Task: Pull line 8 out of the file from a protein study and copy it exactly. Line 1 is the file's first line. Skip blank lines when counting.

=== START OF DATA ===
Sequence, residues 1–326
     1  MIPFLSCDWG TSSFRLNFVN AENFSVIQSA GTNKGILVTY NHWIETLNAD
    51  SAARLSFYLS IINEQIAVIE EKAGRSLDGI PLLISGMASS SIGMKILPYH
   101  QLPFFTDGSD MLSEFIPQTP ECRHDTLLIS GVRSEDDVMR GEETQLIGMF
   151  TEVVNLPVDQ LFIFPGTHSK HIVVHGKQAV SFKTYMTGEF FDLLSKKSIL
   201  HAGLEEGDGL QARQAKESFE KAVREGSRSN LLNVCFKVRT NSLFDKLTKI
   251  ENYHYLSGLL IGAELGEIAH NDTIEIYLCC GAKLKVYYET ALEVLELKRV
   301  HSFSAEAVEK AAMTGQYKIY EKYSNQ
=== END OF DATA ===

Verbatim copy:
   301  HSFSAEAVEK AAMTGQYKIY EKYSNQ